1. Take the time to properly baste your quilt.
Basting a quilt involves temporarily securing the three layers of a quilt (top, batting and backing) together so the fabric doesn't bunch up or pucker.
If you choose to safety pin–baste your quilt, use more pins than you think you'll need to prevent the layers from shifting. If you choose to baste your quilt with adhesive spray , spray the quilt top and backing rather than the batting for better results.
For both methods, basting on a large table rather than the floor will be easier on your back and it will provide better results. Taking the time to smooth out each layer before adding the next will also cut down on the number of lumps and bumps to quilt through.
2. Choose an easy, allover free-motion quilting texture that doesn't require marking.
A free-form meander like stippling , loops or waves is a very forgiving design that can be quilted across the surface of the quilt quickly without the need for precision. Just like handwriting, one's free-motion quilting "signature" can vary from person to person.
Start quilting anywhere along the edge of your quilt and work your way in toward the center of the quilt. Once there is too much bulk under the arm of the machine, rotate the quilt to complete the other side.
Be sure to quilt off the edge of the quilt occasionally to check your bobbin thread level. If it is low, replace it and start with a fresh bobbin. Then you don't have to worry about running out of thread in the middle of the quilt.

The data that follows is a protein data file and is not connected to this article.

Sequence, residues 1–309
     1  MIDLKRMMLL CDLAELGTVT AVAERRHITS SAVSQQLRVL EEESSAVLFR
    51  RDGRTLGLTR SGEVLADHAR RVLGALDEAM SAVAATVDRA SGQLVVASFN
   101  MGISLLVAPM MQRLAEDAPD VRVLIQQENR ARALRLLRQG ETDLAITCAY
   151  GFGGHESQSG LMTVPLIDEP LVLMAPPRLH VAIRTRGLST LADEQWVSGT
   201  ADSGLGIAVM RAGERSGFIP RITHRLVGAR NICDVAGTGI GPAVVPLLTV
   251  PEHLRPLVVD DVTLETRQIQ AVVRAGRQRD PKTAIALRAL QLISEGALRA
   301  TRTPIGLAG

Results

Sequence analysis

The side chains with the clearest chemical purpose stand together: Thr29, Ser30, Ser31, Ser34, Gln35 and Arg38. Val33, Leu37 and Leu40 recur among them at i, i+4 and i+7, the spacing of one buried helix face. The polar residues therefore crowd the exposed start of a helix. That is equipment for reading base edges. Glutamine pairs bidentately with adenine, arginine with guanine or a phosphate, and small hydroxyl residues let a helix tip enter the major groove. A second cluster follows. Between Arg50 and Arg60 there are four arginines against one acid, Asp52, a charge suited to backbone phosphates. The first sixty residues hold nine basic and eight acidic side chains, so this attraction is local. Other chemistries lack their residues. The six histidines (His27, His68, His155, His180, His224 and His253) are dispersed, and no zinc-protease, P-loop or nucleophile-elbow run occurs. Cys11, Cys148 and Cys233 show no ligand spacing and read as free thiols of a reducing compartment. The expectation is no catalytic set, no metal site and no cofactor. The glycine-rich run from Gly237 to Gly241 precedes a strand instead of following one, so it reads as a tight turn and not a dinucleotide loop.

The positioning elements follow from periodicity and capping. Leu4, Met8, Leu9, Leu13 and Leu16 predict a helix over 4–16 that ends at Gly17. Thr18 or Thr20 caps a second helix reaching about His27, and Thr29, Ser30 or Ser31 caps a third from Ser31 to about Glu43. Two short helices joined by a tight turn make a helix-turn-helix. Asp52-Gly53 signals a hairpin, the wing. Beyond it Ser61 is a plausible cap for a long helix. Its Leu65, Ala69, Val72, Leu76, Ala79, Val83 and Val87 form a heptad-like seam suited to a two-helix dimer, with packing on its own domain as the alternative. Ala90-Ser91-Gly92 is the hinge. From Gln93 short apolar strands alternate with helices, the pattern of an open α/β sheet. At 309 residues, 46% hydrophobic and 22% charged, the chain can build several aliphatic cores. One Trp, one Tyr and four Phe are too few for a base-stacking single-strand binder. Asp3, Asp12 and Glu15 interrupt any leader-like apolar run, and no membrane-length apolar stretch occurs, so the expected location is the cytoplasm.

3. Stitch in the ditch before moving into free-motion techniques.
If you choose to do custom work on your quilt, secure the quilt first by stitching in the ditch (quilting in between the seams) of all the columns and rows. This can be accomplished using a walking foot or integrated dual feed (available on some sewing machine models).
This will anchor your quilt, allowing you to add free-motion quilting in any section of the quilt later. If you can quilt from one edge of the quilt to the other, you will not need to bury your threads as you go.
4. Quilt all of one color first.
When quilting with multiple thread colors, quilt all areas that require the same thread before switching out thread colors. Not only with your quilting be consistent in color, the amount of quilting will tend to be more even throughout the quilt.
5. When in doubt, add more quilting.
If you are unsure about your free-motion quilting results, add more quilting, making the designs a little more dense. The more sparsely quilted your quilt is, the more your eye will notice any imperfections. Conversely, the more quilting there is on your quilt, the easier it is to hide any little inconsistencies.
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Editor's note: This post was originally published in 2015 and was updated in 2018.